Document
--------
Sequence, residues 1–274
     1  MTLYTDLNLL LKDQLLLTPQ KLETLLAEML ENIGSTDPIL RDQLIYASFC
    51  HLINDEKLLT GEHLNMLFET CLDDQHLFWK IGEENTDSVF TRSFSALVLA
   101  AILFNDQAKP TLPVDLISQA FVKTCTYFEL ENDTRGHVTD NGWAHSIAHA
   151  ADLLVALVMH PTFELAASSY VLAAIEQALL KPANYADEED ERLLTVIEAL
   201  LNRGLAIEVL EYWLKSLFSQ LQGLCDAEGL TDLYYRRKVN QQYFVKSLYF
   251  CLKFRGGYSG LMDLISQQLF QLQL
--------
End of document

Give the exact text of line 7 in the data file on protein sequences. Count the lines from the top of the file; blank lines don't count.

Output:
   251  CLKFRGGYSG LMDLISQQLF QLQL